A new economic analysis has linked, for the first time, conduct problems among kindergarten students with significant costs to society in terms of crime and associated medical expenses and lost productivity when they are adults.
"Providing effective, evidence-based programming designed to address behavioral problems early on has the potential to improve students' wellbeing in the long term," said project collaborator Damon Jones, associate research professor in the Edna Bennett Pierce Prevention Research Center (PRC). "This study implies that there could be an additional benefit of reduced need for government services and lower costs related to crime, where conduct problems are reduced."
Researchers reviewed teacher- and parent-reported data on conduct problems among more than 1,300 kindergarten students from two multi-site, longitudinal studies conducted in U.S. schools in the late 1980s and early 1990s. They used government and administrative data to determine the costs associated with crimes committed by the students through age 28. The team reported their results in the Journal of Child Psychology and Psychiatry.
The researchers found that increased behavioral problems -- such as oppositional or antisocial behavior -- in kindergarten students were linked to more than $144,000 in costs, on average, per student related to crime and associated medical expenses and lost productivity as these children reached adolescence and adulthood.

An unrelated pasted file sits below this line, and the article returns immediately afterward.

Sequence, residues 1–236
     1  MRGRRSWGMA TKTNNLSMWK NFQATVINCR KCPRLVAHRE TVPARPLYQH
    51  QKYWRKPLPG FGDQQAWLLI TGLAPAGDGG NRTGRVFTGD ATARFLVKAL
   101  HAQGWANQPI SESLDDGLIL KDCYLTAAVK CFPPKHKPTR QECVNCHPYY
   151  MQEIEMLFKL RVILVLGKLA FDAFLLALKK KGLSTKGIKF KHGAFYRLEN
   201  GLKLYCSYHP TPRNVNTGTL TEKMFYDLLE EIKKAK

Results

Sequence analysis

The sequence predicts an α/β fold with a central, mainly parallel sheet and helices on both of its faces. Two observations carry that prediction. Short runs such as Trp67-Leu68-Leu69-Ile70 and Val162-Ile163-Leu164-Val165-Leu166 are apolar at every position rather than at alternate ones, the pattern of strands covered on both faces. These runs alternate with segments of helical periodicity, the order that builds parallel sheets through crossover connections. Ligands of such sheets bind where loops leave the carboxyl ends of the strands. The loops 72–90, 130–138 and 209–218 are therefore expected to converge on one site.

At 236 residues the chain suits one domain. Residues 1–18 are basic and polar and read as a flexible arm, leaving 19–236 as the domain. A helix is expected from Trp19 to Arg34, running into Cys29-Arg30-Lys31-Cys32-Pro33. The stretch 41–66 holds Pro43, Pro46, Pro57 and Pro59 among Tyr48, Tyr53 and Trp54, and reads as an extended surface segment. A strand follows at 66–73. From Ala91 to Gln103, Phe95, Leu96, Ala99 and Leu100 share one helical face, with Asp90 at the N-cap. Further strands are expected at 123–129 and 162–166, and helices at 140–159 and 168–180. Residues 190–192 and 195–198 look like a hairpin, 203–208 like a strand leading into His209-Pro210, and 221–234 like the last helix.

"This study is the first to establish a connection between kindergarten students' behavior and crime-related costs when the children became adults," said Yoon Hur, assistant research professor at Penn State's Evidence-to-Impact Collaborative. Hur collaborated with Natalie Goulter, lecturer at Newcastle University, on statistical analyses for the study.
Approximately 42% of the students with increased behavioral problems had costs related to crimes involving violence, substance use, public order or property. Further, 45% had costs related to government services use, 41% had costs related to medical services use and 58% had costs related to any of these categories.
"Data from studies such as these can be used by local, state and national governments to inform budget planning that could support prevention where early risk for conduct problems can be determined," Jones said. "Many studies have demonstrated that investing in young children through effective intervention can lead to economic benefits for people and public services over time."
Other collaborators on this study included Jennifer Godwin, research scientist, Duke University; Bob McMahon, investigator, BC Children's Hospital; Kenneth Dodge, the William McDougall Distinguished Professor of Public Policy Studies, Duke University; Jennifer Lansford, the S. Malcom Gills Distinguished Research Professor of Public Policy, Duke University; John Lochman, the Saxon Professor Emeritus, University of Alabama; John Bates, professor, psychological and brain sciences, Indiana University; Gregory S. Pettit, human sciences professor emeritus, Auburn University; and Max Crowley, professor of human development and family studies and public policy and director of the Evidence-to-Impact Collaborative and the PRC, Penn State.
The National Institute of Mental Health, National Institute on Drug Abuse, National Institute of Child Health and Human Development, U.S. Department of Education, BC Children's Hospital Research Institute Investigator Grant and Canada Foundation for Innovation Award funded this research.
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